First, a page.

Stem Band Keel Transition


Rolf Warncke
I'm getting ready to finish up my first restoration. 1945 Otca. The canvas and stem band were off when I got he boat. I'm hoping someone could post a photo of where the stem band transitions to the keel. Do they just butt together? I need to make the new keel and get it attached so that I can begin painting Wednesday... weather permitting. Also need to know how best to get a nice shine on the stem bands. :confused:

Thanks so much!
Tapers to Nothing

The keel tapers in thickness and width to nothing under the stem band. I can shoot a photo tomorrow of the one on the lightweight, but as far as I know they were all done the same way.


The junction depends upon whether your canoe had outside stems or not. If it had outside stems, the stem and keel meet with a continuous, flush surface, and the stem band runs across the stem-keel junction and protects it. If there were no outside stems, then as Fitz says, the keel tapers. But it tapers down to nothing, gradually, only in the VERTICAL dimension. In the lateral dimension, the keel should taper in width from each side, only down to the width of the stem band. This provides a surface upon which the stem band rests.

Taper the vertical dimension by eye (I start on the bandsaw, then use block plane and/or spokeshave), making it such that the stem band lies in a continuous curve, without any lumps or bends. Then mark the lateral dimension using the stem band as a guide, and taper it (carefully so as not to damage the thin trailing end) with a block plane.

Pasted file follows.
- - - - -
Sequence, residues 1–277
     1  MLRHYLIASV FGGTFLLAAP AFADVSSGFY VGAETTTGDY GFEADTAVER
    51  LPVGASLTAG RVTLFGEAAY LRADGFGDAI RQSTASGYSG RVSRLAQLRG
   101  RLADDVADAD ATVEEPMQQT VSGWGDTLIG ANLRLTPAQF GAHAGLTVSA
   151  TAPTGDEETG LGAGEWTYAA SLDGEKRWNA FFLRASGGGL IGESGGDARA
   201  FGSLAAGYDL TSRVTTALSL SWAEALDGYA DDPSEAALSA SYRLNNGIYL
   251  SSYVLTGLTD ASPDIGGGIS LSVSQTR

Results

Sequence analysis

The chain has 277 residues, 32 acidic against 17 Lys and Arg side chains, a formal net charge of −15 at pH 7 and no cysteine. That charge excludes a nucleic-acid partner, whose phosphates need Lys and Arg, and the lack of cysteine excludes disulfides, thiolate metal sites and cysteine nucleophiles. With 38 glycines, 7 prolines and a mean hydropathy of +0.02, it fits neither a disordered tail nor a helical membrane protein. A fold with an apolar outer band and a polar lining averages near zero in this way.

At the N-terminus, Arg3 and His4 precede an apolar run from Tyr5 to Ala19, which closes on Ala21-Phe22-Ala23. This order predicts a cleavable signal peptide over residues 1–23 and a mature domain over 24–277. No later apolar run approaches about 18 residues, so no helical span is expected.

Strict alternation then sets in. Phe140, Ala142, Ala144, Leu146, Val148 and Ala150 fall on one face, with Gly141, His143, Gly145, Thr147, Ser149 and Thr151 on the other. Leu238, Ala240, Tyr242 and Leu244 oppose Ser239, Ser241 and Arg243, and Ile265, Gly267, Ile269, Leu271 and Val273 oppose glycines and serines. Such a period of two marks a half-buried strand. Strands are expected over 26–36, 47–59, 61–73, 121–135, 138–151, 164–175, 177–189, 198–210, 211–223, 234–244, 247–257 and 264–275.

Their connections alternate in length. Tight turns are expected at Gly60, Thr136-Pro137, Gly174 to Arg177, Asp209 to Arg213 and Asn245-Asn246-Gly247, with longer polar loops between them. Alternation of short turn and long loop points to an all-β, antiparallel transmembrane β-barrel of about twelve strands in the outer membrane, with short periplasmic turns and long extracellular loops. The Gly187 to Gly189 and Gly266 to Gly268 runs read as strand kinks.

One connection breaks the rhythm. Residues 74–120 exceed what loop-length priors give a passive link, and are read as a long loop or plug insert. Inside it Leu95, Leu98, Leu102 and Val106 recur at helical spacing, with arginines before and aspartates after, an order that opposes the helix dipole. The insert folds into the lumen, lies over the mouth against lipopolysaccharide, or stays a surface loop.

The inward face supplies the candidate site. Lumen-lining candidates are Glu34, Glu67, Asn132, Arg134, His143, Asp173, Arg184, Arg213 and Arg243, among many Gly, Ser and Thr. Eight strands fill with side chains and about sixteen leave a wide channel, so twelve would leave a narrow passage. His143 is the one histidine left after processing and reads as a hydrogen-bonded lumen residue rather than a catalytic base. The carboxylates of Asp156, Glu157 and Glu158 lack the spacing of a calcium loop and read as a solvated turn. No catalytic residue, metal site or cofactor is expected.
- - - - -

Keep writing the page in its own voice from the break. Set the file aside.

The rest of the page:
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Thanks Mike, yes I misspoke about the width. It tapers to the width of the stem band.

I fabricated a keel for a 17 ft OCTA with Steve Lapey's help on the table saw. He made up some jigs to do the work. Here are some dimensions:

The keel that came off of the canoe was 13 ft 6 in., 7/8 inch high, and 1 inch wide. The tapers extend almost 24 inches from the tips and the bottom side that mounts to the canoe hull has a neat concave cut. The sequence of the cuts is critical.

The bottom taper is cut first, then one side of the blank is beveled to 20 degrees. Then the concave cut is made followed by the second bevel cut.

The last part of the deal is the taper/bevel cuts on the sides of the keel, this requires two different taper jigs, both of which are used on the left side of the blade with a piece of 2 x 2 used as a rip fence on the table saw. These jigs are equipped with clamping devices to hold the keel firmly in place while making the last cuts.

I began the tapering with a long blank 1 1/2 inches wide and 7/8 inch thick and worked that down to the final dimensions.

The concave cut helps hold some bedding compound underneath. I have seen keels with no concave area as well.

I'll post a photo as soon as I can. The varnish on the rails is wet, so I can't flip it just yet:eek: .

The 1940 Old Town Guide was handy, so I took some photos of that:


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Great help!